Over the last several weeks we sponsored reflections by several theologians on the atonement. I found Joseph Bankard’s questions about forgiveness to be provocative. Celia Deane-Drummond’s reflection on natural evil and the necessary expansion of the scope of atonement to animals was illuminating. And I was particularly struck by George Murphy’s explanation of how “sin is not, first of all, doing bad things but failure to trust in God”; any theory of atonement, then, must show how Christ’s life, death, and resurrection make it possible for us to trust in God. I appreciated John Hammett’s work to situate the substitutionary theory of the atonement within these confines, and it got me thinking more about the substitution view. I’ll work back to that eventually.
One of the most common criticisms of evolutionary science that we hear at BioLogos actually has nothing to do with science. Many of our critics claim that if Christians accept evolution, then they have to get rid of Adam and Eve, and if they do that there is no original sin, and if there’s no original sin then there is no point in Christ dying on the cross -- one point slides right to the next. One way to respond to this is with the joke, “Once you accept one slippery slope argument, you have to accept them all!” Jokes aside, labeling something a “slippery slope” doesn’t demonstrate that it really is one. But of course we need to acknowledge the real concerns expressed in this argument.
There is no question that there are serious Christian thinkers who dig in their heels and stop at each of the points on the purported slope: some accept evolution but affirm a historical Adam and Eve; some reject a historical Adam and Eve but affirm the doctrine of original sin; and some reject the doctrine of original sin but don’t think that means Christ’s death is unnecessary. Others, though, argue that logic requires each point to follow from the next, citing biblical texts in support, in a slippery continuous slope. I’d suggest, however, that their theological convictions are not driven primarily by straight exegesis of the text, but by the positions they bring to the text, resulting in elaborations of Scripture. That doesn’t mean that such theological positions are wrong, merely that those positions are not necessitated by the text itself. That is to say, there may be other ways of interpreting Scripture without doing disservice to it. And too often interpretations are taken to be the substance of Scripture itself.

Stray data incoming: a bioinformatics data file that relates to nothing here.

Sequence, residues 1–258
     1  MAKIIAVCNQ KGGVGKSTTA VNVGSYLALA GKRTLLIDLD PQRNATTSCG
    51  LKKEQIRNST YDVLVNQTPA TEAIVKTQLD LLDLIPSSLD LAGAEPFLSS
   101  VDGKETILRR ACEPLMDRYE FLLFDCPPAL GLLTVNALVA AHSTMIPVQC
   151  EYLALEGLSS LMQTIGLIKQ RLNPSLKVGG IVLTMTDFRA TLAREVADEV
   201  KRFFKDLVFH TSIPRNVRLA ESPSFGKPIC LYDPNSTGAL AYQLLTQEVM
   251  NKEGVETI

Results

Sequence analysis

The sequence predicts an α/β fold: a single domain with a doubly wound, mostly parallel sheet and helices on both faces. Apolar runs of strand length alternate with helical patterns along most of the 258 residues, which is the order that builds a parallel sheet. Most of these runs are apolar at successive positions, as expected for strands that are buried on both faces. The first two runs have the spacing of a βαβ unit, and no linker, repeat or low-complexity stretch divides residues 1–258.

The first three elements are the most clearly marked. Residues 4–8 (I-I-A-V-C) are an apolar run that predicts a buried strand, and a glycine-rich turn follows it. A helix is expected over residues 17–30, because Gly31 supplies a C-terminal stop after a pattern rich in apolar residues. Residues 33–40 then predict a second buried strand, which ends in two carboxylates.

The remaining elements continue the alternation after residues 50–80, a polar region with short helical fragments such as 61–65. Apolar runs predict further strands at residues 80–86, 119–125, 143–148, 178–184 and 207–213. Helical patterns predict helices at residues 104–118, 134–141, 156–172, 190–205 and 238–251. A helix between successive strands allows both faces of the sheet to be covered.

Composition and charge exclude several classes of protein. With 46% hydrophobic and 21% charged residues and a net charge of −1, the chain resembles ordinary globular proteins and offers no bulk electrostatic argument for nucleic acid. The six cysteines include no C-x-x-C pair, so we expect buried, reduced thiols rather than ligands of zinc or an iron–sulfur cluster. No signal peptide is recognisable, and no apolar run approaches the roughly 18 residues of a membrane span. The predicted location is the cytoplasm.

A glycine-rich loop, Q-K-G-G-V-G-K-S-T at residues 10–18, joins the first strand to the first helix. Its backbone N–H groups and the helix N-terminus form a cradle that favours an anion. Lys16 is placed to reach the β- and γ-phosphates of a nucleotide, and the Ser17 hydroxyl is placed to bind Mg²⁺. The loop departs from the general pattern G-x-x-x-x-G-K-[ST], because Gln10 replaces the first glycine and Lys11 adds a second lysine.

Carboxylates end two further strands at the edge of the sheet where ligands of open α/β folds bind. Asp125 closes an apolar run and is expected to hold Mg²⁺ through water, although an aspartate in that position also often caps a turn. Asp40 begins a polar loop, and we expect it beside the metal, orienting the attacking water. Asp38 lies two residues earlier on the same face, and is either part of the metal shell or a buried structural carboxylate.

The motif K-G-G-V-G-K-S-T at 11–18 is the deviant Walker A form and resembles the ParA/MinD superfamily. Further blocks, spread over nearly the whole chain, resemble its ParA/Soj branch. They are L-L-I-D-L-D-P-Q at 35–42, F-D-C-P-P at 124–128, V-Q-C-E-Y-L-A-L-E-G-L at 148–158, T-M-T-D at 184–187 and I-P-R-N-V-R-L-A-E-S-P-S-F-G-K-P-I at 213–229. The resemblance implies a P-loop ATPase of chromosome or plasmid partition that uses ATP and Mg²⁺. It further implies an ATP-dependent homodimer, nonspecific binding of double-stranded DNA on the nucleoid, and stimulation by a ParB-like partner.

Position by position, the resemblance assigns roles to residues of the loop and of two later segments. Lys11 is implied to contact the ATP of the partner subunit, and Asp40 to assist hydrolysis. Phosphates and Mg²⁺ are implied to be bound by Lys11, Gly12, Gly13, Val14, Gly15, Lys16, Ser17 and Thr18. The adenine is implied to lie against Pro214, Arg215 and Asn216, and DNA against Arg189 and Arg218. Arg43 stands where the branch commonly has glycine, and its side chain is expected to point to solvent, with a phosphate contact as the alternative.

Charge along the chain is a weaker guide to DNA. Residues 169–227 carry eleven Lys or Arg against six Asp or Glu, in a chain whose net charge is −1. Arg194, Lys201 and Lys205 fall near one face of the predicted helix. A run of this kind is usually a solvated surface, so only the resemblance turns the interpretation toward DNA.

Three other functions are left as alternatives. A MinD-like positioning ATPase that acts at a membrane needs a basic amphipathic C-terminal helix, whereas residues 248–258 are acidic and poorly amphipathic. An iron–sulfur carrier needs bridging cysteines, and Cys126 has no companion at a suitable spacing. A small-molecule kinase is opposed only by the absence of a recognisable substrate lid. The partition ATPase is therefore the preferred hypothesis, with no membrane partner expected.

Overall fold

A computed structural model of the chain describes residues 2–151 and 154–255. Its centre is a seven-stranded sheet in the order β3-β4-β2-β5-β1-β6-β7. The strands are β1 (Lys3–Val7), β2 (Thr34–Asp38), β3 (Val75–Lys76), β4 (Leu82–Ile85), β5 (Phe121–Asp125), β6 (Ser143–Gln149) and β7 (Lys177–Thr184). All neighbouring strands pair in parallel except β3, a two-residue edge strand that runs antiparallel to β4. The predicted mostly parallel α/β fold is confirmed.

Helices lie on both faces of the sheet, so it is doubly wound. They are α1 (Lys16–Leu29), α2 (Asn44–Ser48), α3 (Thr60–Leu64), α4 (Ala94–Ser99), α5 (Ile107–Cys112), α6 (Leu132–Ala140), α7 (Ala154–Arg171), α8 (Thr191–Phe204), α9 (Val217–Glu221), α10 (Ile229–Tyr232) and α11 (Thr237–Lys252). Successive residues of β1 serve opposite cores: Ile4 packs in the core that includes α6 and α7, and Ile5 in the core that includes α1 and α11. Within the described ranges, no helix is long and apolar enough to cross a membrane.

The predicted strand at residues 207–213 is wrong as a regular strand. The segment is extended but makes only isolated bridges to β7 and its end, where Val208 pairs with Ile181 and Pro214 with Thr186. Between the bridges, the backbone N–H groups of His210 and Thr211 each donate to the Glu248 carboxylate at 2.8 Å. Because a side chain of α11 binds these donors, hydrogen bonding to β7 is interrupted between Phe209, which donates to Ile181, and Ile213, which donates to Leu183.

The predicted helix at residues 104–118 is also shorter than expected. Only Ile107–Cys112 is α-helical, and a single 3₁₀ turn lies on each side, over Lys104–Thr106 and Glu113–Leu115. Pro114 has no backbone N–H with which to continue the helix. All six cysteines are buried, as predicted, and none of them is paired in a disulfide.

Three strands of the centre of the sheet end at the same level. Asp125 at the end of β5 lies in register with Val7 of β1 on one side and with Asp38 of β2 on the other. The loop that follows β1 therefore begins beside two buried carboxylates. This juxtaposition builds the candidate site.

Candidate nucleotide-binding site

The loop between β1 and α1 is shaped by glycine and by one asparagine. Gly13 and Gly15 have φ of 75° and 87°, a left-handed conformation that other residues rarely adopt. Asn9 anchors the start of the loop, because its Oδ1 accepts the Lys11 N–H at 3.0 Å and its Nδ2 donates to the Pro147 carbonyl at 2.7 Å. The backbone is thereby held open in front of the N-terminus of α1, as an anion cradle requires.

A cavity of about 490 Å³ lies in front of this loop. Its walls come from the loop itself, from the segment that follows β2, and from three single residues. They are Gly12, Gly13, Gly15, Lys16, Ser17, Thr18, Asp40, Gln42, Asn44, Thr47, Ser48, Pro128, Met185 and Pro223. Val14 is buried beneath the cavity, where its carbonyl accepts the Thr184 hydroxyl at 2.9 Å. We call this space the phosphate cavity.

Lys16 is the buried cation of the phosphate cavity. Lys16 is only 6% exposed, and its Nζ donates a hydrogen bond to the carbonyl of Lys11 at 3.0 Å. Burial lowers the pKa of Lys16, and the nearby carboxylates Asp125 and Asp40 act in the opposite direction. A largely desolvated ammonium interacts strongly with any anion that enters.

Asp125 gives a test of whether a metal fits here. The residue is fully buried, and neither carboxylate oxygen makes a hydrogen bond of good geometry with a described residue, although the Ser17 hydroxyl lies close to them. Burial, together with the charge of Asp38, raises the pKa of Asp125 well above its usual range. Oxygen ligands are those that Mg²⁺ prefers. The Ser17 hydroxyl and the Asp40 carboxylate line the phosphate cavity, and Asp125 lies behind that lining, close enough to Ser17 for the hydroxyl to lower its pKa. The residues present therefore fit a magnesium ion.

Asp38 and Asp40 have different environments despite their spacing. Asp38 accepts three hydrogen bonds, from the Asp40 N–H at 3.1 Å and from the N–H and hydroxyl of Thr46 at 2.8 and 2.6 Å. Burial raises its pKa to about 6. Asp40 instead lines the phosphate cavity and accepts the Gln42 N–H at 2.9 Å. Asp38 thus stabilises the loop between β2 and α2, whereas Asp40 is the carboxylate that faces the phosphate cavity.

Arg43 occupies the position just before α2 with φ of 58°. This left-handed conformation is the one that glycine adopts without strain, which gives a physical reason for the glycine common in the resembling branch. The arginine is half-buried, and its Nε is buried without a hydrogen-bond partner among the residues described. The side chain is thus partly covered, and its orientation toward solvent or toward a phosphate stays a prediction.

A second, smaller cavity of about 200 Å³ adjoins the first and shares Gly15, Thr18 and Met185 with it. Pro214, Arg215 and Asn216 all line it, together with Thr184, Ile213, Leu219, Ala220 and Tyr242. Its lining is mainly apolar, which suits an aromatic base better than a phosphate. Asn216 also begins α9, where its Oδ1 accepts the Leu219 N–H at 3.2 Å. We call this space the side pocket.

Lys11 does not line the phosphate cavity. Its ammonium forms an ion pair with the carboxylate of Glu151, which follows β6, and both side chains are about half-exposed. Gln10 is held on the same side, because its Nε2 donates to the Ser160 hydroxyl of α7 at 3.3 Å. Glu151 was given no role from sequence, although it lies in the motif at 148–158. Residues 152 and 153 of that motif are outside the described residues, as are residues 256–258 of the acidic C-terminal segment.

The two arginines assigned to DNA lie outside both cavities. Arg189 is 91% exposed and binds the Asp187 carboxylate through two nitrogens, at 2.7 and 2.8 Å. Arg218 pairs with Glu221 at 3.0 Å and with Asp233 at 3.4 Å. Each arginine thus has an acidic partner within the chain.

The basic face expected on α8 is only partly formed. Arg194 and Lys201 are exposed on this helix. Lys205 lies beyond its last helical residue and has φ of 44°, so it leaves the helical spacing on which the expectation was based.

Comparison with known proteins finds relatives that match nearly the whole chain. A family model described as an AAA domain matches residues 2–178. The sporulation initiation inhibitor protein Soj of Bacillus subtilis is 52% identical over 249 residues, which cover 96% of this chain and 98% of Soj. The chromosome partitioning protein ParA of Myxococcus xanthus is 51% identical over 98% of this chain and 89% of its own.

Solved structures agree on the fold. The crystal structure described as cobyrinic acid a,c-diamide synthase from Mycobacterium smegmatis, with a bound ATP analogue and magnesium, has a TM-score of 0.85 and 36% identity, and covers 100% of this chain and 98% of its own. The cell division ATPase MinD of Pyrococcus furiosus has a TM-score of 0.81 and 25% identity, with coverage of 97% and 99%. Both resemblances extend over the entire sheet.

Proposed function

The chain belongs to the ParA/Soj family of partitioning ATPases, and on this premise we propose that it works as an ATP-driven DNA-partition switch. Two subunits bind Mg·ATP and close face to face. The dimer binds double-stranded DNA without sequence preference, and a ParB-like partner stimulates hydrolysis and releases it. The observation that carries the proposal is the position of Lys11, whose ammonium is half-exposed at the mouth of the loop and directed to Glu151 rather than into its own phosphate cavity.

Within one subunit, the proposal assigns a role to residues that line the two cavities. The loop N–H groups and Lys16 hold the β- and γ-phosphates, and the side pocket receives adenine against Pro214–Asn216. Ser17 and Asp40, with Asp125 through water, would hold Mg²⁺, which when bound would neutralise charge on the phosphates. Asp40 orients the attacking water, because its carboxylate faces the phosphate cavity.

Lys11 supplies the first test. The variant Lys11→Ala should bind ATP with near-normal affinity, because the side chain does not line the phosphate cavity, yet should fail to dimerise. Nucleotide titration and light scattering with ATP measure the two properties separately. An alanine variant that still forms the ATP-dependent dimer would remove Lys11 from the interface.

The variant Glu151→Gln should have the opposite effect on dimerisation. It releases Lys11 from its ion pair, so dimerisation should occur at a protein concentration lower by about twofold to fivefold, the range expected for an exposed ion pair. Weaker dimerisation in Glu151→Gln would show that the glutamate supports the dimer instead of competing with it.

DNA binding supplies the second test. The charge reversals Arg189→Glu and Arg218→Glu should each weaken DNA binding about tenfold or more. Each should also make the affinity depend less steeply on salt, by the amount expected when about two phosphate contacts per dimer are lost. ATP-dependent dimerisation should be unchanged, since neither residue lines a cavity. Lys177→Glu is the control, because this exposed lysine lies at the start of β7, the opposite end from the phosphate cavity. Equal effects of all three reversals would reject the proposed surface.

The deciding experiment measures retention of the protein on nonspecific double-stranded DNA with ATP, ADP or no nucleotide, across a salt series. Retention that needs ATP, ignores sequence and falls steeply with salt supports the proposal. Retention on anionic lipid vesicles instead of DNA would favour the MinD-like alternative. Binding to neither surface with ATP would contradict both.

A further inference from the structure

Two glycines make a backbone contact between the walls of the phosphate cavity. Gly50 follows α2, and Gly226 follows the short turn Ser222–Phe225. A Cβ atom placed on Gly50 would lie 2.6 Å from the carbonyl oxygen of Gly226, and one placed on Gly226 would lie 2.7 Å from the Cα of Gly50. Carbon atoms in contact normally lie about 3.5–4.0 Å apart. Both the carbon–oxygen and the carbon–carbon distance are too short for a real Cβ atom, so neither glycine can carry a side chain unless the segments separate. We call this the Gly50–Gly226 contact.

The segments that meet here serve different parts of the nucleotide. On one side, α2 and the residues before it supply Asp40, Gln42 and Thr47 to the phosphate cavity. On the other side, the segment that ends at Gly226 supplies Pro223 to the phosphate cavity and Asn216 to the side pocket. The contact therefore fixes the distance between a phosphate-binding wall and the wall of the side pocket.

For example, Young Earth Creationists claim evolution is invalidated because there could not have been any death before the Fall. They appeal to Romans 5:12 which says that death entered the world because of sin, and they take that to mean (here’s the elaboration) that no animals could have died before Adam and Eve sinned in the Garden of Eden. Of course the Bible doesn’t say it like that, and I’d even point out that it seems more consistent with the passage to see Paul referring to humanity alone in that passage. But the YEC interpretation of that verse has become the lens through which many people read other passages and ultimately through which they view the natural world.